Summer is here, hip-hip-hurray, the cheers will go. Especially after such a long winter of snow, polar-vortexes and the buzzing stress of work, school and after school activities. Summer, through the lens of media is a time for celebration, a time for vacating one’s usual pace and enjoying life with a tall glass of lemonade.
I have worked for many years in the field of mental health, spending the first three-quarters of my career providing therapy based around the school calendar. If you have ever been in a school at the conclusion of the year, you can sense the pulse upon completing the last days, the excitement and energy flooding the hallways as the adults and children sing silently about “no more teachers, no more books…”. I am reflective of my own first summer transition experience completing kindergarten, the bus ride home was filled with the cacophony of students going bananas. I remember piles of paper flying around the bouncing bus as it went from stop to stop in my sleepy, beach town. Windows open, salt sea in the air, a time of wonderment at what lie ahead.
One thing that is often not thought about is that this is a time of transition, not just in terms of seasons and extended daylight. It is a time for many to get bounced out of a structured routine that has been an anchor and thrust into the unknown and possibly, unstructured. This experience can be both joyful and also less than enjoyable. It may mean losing the supports that the school environment provides. It may mean the loss of relationships, as contact with friends could be less frequent due to difficulties with scheduling and transportation. It can mean isolation, boredom, loneliness and anxiety about the next year, or one can be left with guilt about “the shoulds” of the previous. For those who are moving up in the world, like transitioning to school for the first time, going to middle school, high school and beyond, these times may be filled with a heightened sense of fear about what it means and what is expected to happen next. Regardless of the challenges to be faced next, it is important to keep a sense of connected structure during this time.
Here are some tips to think about as you and your family embark on this summer transition.
The transition experienced is a family challenge, not just a challenge for the individual going through it. The changes may result in development of different roles, rules and expectations. This may mean that each person has his/her own thoughts and feelings about this transition and it is important to make time to share that with each other and get help navigating, when difficulties arise.
Wear sunscreen! Hey the dermatologists highly recommend it as a way to prevent skin cancer, which reportedly effects one in five adults. https://www.aad.org/media/stats/prevention-and-care/sunscreen-faqs for more information.
Continue to keep the lines of communication open. It is important to continue to make time to reflect on how your child is doing. Good prompting questions to facilitate conversation are open ended and allow time for the speaker to answer. Instead of asking “how was your day” you can facilitate more discussion with “what did you do today that was fun/difficult and how did you feel about that happening?” Open ended questions allows the speaker to share more detail and will allow you as the listener to have a more engaged pulse on your child’s day. You can use these open ended questions to explore how they are feeling about the next transition or school year. This is best if not left to a “one-time” conversation and is instead approached as an on-going dialogue. If you get a sense that there is more anxiety, sadness, or other feelings present about a transition than is to be expected it might be a good time to seek out extra support to process and problem-solve.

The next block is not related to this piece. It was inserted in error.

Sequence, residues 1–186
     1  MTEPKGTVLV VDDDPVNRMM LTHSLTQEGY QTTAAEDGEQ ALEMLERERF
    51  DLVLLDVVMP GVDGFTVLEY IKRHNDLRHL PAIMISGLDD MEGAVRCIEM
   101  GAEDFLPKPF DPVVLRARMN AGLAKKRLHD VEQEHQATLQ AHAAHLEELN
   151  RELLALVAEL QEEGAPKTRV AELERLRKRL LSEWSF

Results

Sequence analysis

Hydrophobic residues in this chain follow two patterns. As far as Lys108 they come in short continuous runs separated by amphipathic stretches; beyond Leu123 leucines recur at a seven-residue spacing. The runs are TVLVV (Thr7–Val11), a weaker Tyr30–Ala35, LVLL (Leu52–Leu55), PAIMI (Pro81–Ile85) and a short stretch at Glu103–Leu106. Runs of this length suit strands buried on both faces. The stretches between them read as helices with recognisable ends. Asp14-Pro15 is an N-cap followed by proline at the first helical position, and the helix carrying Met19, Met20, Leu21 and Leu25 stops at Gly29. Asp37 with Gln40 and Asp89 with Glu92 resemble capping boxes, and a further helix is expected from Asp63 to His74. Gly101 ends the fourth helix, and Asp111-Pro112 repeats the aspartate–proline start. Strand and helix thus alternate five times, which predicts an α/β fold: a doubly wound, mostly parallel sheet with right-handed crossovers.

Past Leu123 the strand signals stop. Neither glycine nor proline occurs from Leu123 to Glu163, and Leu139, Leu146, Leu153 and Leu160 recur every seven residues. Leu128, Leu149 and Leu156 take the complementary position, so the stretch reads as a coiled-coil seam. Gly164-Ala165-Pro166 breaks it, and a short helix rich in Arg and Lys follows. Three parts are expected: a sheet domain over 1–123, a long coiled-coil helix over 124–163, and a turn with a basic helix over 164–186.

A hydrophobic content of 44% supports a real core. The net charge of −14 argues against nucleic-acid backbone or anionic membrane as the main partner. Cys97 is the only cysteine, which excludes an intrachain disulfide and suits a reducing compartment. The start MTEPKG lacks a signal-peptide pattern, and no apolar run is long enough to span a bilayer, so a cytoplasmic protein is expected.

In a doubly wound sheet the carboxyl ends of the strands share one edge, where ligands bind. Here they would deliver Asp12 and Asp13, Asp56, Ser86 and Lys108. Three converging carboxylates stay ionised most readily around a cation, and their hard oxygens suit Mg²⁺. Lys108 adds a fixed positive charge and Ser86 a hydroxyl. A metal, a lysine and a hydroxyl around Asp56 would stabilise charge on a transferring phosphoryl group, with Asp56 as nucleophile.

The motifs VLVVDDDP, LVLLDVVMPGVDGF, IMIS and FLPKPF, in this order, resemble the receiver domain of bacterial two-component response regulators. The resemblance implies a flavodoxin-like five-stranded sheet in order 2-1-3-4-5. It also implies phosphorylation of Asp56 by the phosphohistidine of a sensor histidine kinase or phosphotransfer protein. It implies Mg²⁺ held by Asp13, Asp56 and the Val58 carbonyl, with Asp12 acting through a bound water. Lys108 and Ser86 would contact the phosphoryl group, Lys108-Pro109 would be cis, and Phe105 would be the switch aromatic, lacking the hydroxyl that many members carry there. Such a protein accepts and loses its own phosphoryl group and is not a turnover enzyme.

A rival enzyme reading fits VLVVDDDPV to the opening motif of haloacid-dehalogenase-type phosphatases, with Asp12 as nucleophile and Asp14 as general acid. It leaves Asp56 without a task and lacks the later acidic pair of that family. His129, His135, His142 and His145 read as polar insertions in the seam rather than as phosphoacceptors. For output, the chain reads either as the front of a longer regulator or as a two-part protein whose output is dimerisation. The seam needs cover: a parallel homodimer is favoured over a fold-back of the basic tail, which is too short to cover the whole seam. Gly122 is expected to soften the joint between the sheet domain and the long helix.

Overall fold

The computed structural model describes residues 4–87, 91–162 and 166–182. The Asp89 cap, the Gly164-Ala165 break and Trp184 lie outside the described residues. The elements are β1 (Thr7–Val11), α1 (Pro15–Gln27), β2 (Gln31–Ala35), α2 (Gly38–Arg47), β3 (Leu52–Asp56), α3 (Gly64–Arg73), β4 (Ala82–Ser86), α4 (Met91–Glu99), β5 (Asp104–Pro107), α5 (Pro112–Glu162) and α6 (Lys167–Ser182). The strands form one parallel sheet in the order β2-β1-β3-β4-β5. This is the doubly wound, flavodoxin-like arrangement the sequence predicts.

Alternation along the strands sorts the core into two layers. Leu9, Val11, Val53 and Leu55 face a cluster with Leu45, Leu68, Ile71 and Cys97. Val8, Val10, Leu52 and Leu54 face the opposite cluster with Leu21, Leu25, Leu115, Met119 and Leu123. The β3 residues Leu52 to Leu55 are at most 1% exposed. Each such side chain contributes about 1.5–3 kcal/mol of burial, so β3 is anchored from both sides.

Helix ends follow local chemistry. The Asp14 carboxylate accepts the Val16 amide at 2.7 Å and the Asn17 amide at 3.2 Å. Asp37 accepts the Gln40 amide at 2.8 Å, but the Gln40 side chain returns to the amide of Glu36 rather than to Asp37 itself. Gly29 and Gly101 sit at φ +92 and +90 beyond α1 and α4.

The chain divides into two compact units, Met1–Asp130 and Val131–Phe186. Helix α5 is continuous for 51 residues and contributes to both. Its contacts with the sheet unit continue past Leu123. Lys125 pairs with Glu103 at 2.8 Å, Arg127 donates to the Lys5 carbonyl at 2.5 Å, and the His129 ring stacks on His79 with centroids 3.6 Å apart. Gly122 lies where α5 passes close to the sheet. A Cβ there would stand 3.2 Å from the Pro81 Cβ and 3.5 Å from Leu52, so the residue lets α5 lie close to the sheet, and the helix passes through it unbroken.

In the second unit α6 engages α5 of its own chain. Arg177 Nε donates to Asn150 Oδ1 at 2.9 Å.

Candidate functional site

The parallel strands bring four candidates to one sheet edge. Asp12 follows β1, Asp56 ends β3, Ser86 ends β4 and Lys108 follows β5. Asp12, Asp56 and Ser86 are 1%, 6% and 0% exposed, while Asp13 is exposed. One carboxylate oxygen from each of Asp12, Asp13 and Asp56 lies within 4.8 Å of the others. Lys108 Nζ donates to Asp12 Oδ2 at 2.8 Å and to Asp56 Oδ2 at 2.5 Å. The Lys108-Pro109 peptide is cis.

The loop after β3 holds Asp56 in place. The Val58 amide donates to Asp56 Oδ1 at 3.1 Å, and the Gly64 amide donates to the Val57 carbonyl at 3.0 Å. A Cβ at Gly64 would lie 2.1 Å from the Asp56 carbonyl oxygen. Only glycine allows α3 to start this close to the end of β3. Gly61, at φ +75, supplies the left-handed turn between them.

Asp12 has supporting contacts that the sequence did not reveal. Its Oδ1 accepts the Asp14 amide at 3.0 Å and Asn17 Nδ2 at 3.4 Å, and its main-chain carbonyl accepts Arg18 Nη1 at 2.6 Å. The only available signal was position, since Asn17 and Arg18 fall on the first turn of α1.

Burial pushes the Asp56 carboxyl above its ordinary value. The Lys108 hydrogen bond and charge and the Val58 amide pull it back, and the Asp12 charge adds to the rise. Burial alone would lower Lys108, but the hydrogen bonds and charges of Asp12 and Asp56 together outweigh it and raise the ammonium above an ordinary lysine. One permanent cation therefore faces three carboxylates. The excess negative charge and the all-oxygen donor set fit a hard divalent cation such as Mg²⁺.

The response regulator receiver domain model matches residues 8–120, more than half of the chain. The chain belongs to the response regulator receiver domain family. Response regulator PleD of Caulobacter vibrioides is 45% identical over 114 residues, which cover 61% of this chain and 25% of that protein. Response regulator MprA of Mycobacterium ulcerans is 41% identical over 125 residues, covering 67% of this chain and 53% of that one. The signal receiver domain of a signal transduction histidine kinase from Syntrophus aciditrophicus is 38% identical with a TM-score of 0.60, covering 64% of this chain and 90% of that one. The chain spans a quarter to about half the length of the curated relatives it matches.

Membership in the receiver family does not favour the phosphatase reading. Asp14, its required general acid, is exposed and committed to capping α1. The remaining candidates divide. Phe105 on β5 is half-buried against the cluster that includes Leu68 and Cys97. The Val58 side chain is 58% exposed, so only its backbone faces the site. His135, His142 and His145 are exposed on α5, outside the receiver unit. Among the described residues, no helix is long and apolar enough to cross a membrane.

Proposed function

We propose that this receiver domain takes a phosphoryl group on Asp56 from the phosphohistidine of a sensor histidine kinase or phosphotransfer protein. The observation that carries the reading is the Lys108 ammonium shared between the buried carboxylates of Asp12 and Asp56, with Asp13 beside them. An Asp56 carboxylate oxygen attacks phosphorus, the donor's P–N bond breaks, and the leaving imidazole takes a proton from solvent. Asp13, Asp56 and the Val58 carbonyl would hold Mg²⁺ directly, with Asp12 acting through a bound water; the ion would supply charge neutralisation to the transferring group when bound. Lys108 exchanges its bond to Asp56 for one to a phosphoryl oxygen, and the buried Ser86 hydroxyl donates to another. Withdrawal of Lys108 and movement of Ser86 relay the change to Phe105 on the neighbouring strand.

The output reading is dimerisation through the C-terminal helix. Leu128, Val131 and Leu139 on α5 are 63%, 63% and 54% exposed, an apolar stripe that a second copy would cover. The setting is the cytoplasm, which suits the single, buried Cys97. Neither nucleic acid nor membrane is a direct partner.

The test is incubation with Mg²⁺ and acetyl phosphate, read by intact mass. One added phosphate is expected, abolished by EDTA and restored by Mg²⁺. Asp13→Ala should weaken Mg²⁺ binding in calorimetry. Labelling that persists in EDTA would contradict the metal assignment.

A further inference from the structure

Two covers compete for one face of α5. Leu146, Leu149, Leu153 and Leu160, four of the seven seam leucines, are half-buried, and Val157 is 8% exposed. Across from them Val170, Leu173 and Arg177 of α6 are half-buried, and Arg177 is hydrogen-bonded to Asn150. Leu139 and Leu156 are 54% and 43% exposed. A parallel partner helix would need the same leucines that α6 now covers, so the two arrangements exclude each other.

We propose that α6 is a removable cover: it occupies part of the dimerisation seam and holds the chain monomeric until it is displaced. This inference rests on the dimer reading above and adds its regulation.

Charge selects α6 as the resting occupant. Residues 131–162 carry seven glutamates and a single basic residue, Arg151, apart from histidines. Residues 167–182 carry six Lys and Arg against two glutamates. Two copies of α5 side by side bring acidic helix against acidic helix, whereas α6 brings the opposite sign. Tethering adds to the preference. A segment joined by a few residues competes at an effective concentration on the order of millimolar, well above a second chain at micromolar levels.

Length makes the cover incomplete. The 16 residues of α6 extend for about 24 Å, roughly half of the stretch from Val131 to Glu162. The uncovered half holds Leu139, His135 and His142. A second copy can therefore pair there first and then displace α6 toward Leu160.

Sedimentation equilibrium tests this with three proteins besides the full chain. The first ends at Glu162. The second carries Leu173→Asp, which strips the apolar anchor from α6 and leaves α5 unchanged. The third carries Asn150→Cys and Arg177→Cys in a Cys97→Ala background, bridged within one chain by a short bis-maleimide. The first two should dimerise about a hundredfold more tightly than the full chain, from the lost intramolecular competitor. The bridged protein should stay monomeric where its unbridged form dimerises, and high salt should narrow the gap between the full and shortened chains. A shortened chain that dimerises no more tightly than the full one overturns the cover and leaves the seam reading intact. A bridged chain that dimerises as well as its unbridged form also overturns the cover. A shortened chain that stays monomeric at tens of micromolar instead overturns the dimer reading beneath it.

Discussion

Create and keep a routine. Routines are an important time to learn skills that assist us in the future and summer time is no exception for learning these skills. Although they can be a little more relaxed in the summer months, it is important to think about the daily functions of eating, activity and sleep. Check out this link for more information about the importance of sleep routine in the summer. https://www.sleepfoundation.org/articles/why-your-child-needs-sleep-schedule-throughout-summer
Limit the amount of technology time used daily and engage the technology in a way that can relate to some aspect of learning. There are many ideas and tools for how to do this on the web, just search out summer and technology use, in your search engine.
Facilitate connections with friends outside of technology time. Designate and help create activities that allow for time spent in-person with peers in your community.
Most importantly, although the daily stressors may decrease because of being off of school in the summer, it is important to know that mental health challenges due not take a vacation. If you feel you or your child needs help, seek out the resources in your area early.